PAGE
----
the feminine ordinal indicator: “Nª Sª” [‘Our Lady’]). 
On Thu, 29 Dec 2016 09:35:54 +0100, Philippe Verdy wrote:
> I agree. Even for the abbreviation "N<sup>os</sup>" or "n<sup>os</sup>",
> there's no ambiguity due to the grammar (in a sentence the abbreviation
> would be preceded by an article ("les nos 2 et 3") or a noun ("les articles
> nos 2 et 3) and followed by numerals and this cannot be analyzed like the
> possessive "nos" which cannot appear after an article or noun.
You are plain right, my demonstration was too abstract. “Nos nos 2 et 3” 
[‘Our nos. 2 and 3’] would be a bit confusing, though.
> If you want to represent only plaintext the typographic superscripts could
> still be replaced by inserting an abbreviation dot ("les n.os 2 et 3) or by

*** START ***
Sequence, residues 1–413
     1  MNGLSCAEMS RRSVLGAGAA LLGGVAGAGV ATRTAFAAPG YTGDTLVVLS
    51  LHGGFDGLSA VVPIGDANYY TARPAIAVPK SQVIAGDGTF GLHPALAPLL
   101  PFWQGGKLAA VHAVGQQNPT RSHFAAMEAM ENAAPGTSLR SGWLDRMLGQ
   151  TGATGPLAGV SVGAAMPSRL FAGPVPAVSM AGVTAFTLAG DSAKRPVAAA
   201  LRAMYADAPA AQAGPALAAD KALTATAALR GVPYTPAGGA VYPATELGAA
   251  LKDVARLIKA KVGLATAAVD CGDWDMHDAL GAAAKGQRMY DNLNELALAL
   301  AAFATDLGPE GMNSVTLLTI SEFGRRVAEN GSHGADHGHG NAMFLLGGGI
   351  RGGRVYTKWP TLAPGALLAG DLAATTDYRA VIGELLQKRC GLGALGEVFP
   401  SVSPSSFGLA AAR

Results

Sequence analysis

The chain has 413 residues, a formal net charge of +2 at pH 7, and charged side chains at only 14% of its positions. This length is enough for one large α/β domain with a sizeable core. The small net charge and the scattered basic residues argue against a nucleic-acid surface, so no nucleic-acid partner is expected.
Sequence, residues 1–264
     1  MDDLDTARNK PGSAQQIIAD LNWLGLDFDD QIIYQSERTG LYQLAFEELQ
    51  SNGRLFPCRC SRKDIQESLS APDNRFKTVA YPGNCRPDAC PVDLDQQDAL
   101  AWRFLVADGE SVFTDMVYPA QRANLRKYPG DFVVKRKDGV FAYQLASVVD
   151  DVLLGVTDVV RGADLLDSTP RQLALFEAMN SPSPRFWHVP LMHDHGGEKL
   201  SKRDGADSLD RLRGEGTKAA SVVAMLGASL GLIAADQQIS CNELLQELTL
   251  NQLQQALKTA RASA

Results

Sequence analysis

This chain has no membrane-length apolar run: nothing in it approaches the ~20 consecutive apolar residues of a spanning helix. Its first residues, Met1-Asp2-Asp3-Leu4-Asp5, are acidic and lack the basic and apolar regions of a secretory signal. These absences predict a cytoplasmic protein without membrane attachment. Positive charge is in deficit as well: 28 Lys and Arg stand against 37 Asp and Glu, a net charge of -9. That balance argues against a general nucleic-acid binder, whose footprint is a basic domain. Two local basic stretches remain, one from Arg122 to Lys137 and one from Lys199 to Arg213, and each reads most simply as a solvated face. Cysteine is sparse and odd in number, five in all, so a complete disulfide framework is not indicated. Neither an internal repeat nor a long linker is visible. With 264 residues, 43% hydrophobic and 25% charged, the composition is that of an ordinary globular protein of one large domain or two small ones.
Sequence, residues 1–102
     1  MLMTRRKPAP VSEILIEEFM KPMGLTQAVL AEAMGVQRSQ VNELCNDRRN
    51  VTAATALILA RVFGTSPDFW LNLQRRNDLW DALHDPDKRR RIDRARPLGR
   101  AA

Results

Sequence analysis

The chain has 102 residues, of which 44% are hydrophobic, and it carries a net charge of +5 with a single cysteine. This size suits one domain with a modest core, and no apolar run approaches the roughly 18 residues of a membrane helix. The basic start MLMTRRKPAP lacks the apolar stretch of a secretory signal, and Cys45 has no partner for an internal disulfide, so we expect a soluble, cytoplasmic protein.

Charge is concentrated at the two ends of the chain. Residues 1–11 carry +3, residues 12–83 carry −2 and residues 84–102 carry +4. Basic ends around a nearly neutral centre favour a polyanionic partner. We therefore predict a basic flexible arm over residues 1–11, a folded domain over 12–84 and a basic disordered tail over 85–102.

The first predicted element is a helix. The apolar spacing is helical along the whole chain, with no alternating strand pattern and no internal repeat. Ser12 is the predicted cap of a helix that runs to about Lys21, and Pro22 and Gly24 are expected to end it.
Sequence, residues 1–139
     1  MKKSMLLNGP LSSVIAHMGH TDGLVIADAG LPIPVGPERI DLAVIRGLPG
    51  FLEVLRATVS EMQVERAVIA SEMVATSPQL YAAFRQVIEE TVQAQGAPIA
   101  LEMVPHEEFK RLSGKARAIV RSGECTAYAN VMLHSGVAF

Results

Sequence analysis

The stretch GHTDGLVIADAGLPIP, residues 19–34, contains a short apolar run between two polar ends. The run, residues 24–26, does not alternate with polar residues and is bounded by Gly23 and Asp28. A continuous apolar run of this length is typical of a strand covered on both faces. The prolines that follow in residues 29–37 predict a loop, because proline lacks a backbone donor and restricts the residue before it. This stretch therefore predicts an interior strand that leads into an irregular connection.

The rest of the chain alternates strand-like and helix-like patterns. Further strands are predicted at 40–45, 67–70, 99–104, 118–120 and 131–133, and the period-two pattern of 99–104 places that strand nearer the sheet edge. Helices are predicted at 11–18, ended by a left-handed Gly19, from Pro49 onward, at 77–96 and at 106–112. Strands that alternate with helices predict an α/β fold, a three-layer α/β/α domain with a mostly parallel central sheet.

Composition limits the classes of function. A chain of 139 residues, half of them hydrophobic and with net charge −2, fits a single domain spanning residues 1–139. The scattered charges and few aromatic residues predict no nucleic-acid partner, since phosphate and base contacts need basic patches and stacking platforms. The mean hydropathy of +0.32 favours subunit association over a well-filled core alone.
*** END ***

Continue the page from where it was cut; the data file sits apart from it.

> not abbreviating it at all ("les numéros 2 et 3"). These superscript are
> presentational only. The same applies to other abbreviations such as "Mgr"
> ("Monseigneur", which can be typeset as "M<sup>gr</sup>", "Bd"
> ("Boulevard", typeset as "B<sup>d</sup>"), "Mlle" ("Mademoiselle", typeset
> as "M<sup>lle</sup>") and many, many abbreviations suffixing the last
> letters. of a word that are preferably typeset using superscripts, but that
> are still normal Latin letters, including letters with accents (notably "é"
> which is frequent at end of French participles or nouns and which has no
> encoded superscript variant).
The idea is mainly that if one is bound to plain text and nevertheless wants to 
follow high-end presentation rules as a mark of respect, then it would be a pity